English Verbal – (for CAT Exams) – 3
Each of the following questions has one or two blanks. At the end of the sentence are given four choices of words and/or phrases. Identify the one that fits the blanks to make it a meaningful sentence.
1. Like a furnace and its controlling thermostat, that produces more heat when the room gets too cold and less when the temperature warms up, the body’s endocrines is a ———– system.
(a) Self-sufficient (b) well planned (c) well adjusted (d) self-regulating
2. The First World War was ———- to alter all previous concepts of war and to render the idea of armed conflict so horrible that ————- man hoped it would never occur again.
(a) Fated — fighting (b) destined – rational (c) geared – sensible (d) made — horrified
3. Britain’s greatest achievement was also perhaps her most ironic; out of the welter of disparate regions, castes, languages and traditions of India, Britain managed to fashion a ———– nation-only to have it ———- her.
(a) Fledgling — turn on (b) strong — turn to (c) mighty —back out on
(d) nascent – co-operate with
4. No one person invented jazz; but two men do ——— out as great ———–.
(a) Come — discoverers (b) level — originators (c) stand — pioneers
(d) hold — inventors
5. It would be a great mistake to confine your ———- to the way things have always been done; in fact, it would consign you to the ———- of the market place.
(a) Imagination — mediocrity (b) thinking —- tedium (c) actions —- routine
(d) deeds —dullness
Given under are a set of letters with numbers followed by set of four choices of numbers. Choose the correct choice of the numbers that would form a word with the respective letters of the numbers.
6. G B D A R E
1 2 3 4 5 6
(a) 1 4 5 3 2 6 (b) 2 4 3 1 6 5 (c) 2 5 6 4 3 1 (d) 1 4 5 2 3 6
7. E S O O I T
1 2 3 4 5 6
(a) 2 3 4 6 5 1 (b) 6 3 4 2 5 1 (c) 3 4 2 5 6 1 (d) 4 6 5 3 2 1
8. R M P E O
1 2 3 4 5
(a) 1 5 2 3 4 (b) 3 1 5 4 2 (c) 3 5 4 2 1 (d) 2 5 3 4 1
9. D R C H N I E L
1 2 3 4 5 6 7 8
(a) 3 4 6 8 1 2 7 5 (b) 3 4 6 1 2 7 5 8 (c) 7 8 1 2 6 5 3 4 (d) 1 6 2 5 3 4 7 8
10. C C O U B L I
1 2 3 4 5 6 7
(a) 2 6 7 5 3 4 1 (b) 2 7 6 53 4 1 (c) 5 4 1 3 6 7 2 (d) 5 4 2 1 3 6 7
Each of the following sentences are split into four parts. Identify the part that has an error in it.
11. (a) The result of all these delays and cancellations,
(b) even though they were due to
(c) factors beyond our control,
(d) have caused great confusion.
12. (a) Though, ordinarily, he is friendly
(b) you cannot deny
(c) that, on occasions,
(d) he can be an horrible liar.
13. (a) Neither the lazy chap
(b) nor his
(c) equally lazy wife
(d) wake before 10 O’clock.
14. (a) I sat
(c) in the park
(d) watching the dog playing and smoking my pipe.
15. (a) Never before has India in particular,
(b) and Asia in general,
(c) been so severely threatened
(d) by the American war machine.
The sentences in each of the following questions are jumbled. From among the choices given, identify the proper sequence of the sentences to make a cogent and sensible paragraph.
16. (A) Things we did as kids and thought nothing of, the standard capers of all young animals, now make headlines and shake up police department.
(B) The young are always news.
(C) When the newspapers have got nothing else to talk about, they cut loose on the young.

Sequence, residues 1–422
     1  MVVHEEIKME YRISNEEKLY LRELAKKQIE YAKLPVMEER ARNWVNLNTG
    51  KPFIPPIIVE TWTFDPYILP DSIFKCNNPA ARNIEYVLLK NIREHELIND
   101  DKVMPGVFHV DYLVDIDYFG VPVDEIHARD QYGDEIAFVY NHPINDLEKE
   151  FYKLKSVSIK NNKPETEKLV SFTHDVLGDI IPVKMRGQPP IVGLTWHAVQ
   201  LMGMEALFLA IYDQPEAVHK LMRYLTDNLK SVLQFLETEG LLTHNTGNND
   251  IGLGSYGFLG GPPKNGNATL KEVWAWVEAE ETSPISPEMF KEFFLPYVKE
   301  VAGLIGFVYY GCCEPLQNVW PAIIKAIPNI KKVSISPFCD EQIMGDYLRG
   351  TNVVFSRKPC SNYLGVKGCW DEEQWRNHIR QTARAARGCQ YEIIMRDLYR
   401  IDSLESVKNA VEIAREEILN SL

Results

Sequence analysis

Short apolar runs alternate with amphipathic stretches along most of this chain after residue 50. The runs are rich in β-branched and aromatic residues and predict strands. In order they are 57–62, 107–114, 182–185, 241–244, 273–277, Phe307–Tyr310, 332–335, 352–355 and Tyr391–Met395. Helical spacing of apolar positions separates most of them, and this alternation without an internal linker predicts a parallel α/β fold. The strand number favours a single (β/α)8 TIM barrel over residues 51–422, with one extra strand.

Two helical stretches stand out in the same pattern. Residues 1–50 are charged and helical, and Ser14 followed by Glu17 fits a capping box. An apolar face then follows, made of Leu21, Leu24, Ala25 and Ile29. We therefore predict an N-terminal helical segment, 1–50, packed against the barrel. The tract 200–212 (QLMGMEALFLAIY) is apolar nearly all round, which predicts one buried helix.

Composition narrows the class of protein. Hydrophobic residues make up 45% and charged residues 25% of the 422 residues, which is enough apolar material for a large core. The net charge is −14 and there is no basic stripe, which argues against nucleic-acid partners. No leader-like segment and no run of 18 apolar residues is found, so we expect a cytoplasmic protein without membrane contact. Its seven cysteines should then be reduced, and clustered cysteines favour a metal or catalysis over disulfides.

(D) If they aren’t that is news too.
(E) If they are up to something that is news.
(a) CBEDA (b) CBDEA (c) EBDCA (d) ABCED
17. (A) You can be the first family on your block to wait out the H-bomb in luxury.
(B) It has reached what is probably its high water mark.
(C) It was of course Thorstein Veblen who observed that people are torn between choosing pleasures for their own sake, and for the purpose of maintaining and upgrading their social position.
(D) The American thirst for status and its symbols has been sufficiently documented to need any belabouring here.
(E) A radiation fall-out shelter is now available with lounge chairs and wall-to-wall carpeting as well as the usual paraphernalia of sledge hammers and first aid kits.
(a) ACDBE (b) CDBEA (c) DCBEA (d) CBDEA
18. (A) The differences between minds of men and women are numerous, and we often joke about them.
(B) Or, are they cultural, imposed perhaps in childhood by the different expectations and behavior of the adults in our society toward the growing boy and girl?
(C) If a man’s car hits a laundry truck and he phones his wife about it, the first thing she asks is the name of the laundry.
(D) There are three kinds of mental differences that interest me, the difference between men and women, between genius and stupidity, and between different creative talents.
(E) Are such differences in outlook innate, a matter of sexual difference in brain physiology and organization?
(a) DECBA (b) EDCBA (c) DACEB (d) CBEAD
19. (A) In nuclear physics it has recently turned out that for ten years, the best experiments on beta-decay have been wrong or misleading.
(B) But this field is lucky.
(C) One of the troubles in science is that there are twenty Lestrades messing up the footprints and confusing the evidence for every Holmes who gets back to fundamentals and straightens it out.
(D) Not really Lestrade results; just the elusiveness of wily Moriarty again; and they are on the rack once more.
(E) Most fields have nothing but Lestrade results for a decade at a time.
(a) CADBE (b) CADEB (c) CABED (d) CAEDB
20. (A) Every teacher imagines that one of the day dreamers is simply stepping to the music of a different drummer.
(B) (Think how slow a human would seem at Chimpanzee lessons)
(C) It is true that some of the great ones have been slow in school.
(D) Do most of the geniuses go unrecognized?
(E) But most of those who make their mark show some sign early and are picked for success.
(a) DBCAE (b) DCBAE (c) DEBCA (d) ACBDE
1. (d) 2. (b) 3. (a) 4. (c) 5. (a) 6. (b) 7. (d) 8. (b) 9. (a) 10. (c)
11. (d) 12. (d) 13. (d) 14. (d) 15. (a) 16. (a) 17. (b) 18. (c) 19. (a) 20. (b)